I don't know a thing about the science of baking, but when it comes to gluten-free baking, you have to use a bunch of different flours to ensure all the bases of regular wheat flour are covered (thank you Vegan Cupcakes Take Over the World). So, these cupcakes use tapioca, rice and quinoa flours and they turned out great (plus you don't have to worry about over-beating the batter because there is no gluten). I just made a cream cheeze vanilla frosting with and added some melted semisweet chocolate for a little colour (the cool designs are all Paul, I can't take credit for that).

Other than being a bit flakier and prone to crumbling than regular wheat-based cupcakes, they were a hit up at the cottage and I'm excited to try the vanilla gluten freedom cupcakes next.

Wednesday, June 10, 2009

Chili Mac



From Fat Free Vegan.


While I love all-day cooking marathons where I can try and master complicated recipes and reach new heights of deliciousness, these kitchen parties usually only occur on the weekends because I am crazy busy during the week. When I lost my job in the auto industry, I thought I'd have more time. Somehow, I seem to have less. School is crazy hectic, as I am trying to get my thesis done by August (and the estimated time of completion keeps getting pushed back...sigh) and I'm still working at the clinic a few days a week. My days are incredibly erratic...always running to a different place at a different time, and with Paul working real estate hours, dinner can fall anywhere between 4pm and 10pm on any given weeknight.

As a result, I've been cooling it with the super complicated recipes and have instead been focusing on building a collection of 1) easy 2) quick and 3) clean recipes. By clean I mean one or two pots/pans at the most and maybe a stirring utensil. I'm not a fan of this, as I really do love to cook and now that I'm actually getting decent at it (after years of avoiding the stove) I like to be challenged. But, until I am finally, once and for all done my thesis, this is my reality.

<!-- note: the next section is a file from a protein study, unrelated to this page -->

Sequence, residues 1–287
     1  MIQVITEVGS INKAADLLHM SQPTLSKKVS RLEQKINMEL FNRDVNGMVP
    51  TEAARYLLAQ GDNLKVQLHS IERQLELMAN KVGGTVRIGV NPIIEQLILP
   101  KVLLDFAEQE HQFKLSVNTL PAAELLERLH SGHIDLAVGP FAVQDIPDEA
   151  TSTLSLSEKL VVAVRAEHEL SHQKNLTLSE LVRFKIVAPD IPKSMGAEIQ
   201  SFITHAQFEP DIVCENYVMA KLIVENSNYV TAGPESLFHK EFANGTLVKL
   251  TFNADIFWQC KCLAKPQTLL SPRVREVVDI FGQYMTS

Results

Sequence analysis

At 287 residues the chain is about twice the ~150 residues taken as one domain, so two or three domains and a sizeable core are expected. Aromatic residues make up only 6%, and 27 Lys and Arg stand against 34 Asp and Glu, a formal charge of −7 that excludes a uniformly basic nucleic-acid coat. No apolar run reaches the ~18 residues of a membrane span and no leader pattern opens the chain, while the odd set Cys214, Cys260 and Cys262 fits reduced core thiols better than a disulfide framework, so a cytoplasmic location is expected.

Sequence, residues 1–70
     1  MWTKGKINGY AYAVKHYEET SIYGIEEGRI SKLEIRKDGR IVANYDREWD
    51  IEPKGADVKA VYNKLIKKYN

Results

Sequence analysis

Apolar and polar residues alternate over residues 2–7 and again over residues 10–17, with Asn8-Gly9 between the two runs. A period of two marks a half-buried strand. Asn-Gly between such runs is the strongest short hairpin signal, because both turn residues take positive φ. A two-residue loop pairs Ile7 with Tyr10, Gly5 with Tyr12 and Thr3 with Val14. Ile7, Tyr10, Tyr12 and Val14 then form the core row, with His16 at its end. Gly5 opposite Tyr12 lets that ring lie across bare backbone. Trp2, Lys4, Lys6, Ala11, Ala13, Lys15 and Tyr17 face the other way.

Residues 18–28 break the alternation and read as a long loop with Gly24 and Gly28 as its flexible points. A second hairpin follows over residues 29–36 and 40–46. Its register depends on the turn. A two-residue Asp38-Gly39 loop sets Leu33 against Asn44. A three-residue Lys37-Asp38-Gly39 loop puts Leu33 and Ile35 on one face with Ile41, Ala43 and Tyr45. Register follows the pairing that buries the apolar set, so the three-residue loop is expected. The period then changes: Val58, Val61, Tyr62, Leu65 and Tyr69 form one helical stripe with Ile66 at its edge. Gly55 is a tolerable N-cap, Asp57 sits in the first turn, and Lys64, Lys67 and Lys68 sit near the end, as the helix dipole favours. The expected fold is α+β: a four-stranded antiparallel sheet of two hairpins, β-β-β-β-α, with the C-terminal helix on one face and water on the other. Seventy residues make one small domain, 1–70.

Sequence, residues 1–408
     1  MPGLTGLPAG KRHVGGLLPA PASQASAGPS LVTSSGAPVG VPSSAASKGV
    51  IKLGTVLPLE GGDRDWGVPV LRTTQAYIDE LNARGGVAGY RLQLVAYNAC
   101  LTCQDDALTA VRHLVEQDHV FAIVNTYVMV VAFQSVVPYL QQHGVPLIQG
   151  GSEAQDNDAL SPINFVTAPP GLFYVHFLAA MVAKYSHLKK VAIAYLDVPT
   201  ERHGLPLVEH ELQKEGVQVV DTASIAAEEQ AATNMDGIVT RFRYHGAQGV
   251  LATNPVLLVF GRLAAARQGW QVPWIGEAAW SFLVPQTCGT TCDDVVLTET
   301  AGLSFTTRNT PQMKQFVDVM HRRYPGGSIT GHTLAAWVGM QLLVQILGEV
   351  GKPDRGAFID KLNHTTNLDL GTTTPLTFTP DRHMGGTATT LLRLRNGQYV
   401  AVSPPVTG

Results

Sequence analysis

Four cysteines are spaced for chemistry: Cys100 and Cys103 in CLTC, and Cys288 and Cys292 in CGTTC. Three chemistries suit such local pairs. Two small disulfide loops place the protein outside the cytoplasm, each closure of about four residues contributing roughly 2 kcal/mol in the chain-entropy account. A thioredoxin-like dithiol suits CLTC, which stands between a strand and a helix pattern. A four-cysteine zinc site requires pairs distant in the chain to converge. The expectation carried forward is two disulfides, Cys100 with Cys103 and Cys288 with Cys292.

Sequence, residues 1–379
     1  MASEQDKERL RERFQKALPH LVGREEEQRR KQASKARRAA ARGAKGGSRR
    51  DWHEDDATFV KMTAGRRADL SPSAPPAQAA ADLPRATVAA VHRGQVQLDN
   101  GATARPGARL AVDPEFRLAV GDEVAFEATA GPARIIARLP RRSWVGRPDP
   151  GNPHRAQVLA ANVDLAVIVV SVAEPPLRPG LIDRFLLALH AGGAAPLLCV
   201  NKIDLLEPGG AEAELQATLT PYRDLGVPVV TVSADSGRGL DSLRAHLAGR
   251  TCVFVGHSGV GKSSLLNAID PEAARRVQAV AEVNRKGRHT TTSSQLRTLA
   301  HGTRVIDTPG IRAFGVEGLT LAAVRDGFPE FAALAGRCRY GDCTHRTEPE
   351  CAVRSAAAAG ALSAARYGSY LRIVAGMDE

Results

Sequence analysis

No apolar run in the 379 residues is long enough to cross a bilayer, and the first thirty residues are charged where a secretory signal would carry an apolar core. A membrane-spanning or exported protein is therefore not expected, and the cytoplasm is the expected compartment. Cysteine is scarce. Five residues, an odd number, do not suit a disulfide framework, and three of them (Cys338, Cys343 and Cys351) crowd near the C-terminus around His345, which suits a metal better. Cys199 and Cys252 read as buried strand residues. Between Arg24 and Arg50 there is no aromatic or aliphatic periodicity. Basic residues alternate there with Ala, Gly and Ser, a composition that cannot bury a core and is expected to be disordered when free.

Not that it's all gloom and doom...some of my best kitchen concoctions have risen out of the ash of desperation and ticking clocks. The above recipe was semi-stolen from Fat Free Vegan, so Susan gets all the credit...we just mixed it up a bit, as we normally do. I had a bunch of spinach on the brink of going bad, so in went that...we also used a ridiculously spicy arrabiata and so we downed a gallon of water apiece over dinner (so good though). It also uses nutritional yeast, which is a vegan necessity (although as I've recently learned, not all nooch, as us vegans affectionately refer to it, contains B12, so read your labels carefully if you don't supplement - I like Bob's Red Mill). We used gluten free rice pasta as opposed to macaroni, as that's what we had on hand. It took all of 15 minutes to make and other than cooking the pasta, all I had to do was dump everything into one pot and stir it occassionally, which meant I had time to watch a DVD episode of the Office without interruption (er - I mean - write a chapter summary for my thesis).

Monday, June 8, 2009

Wasabi-roasted asparagus



In my quest to support local farmers and eat in season, I've found myself with an abundance of asparagus. Before I was vegan I hated asparagus. Actually, it would be more accurate to say that I hated the thought of eating asparagus because I was so picky back then that I wouldn't even try a nibble. Yes, in those days I lived off thai chicken wings from Wings Up and cheese cappeletti from East Side Mario's (and stayed up at night wondering why I was gaining weight, and why my health was going down the pipe, for reals?) and the thought of eating one of these weird cigar-like contraptions was beyond me. What a little snot I was!

This year is the first time I tried asparagus. That I can recall, anyway. And low and behold - I liked it. This is why I silently chuckle every time someone says they can't be vegan because they would feel too limited .. I didn't lose anything by going vegan, I gained a whole new world of deliciousness that I wouldn't have even thought to try three years ago.

Anyway, we've been doing asparagus up every which way, since it is one of the first warm-weather crops to be in season here in Ontario. I've put it in lasagnas and pastas. We've grilled it on the bbq...and these here I roasted in the oven. Susan from Fat Free Vegan talked about smothering asparagus in soy and wasabi before throwing it in the oven. I didn't have her actual recipe on hand so I macgyvered my way through it a bit..a little soy sauce here, sesame oil there...and of course...wasabi and freshly ground pepper to finish it off. Twenty minutes in the oven and they made a great side to my green cashew pilaf the other night. Yum!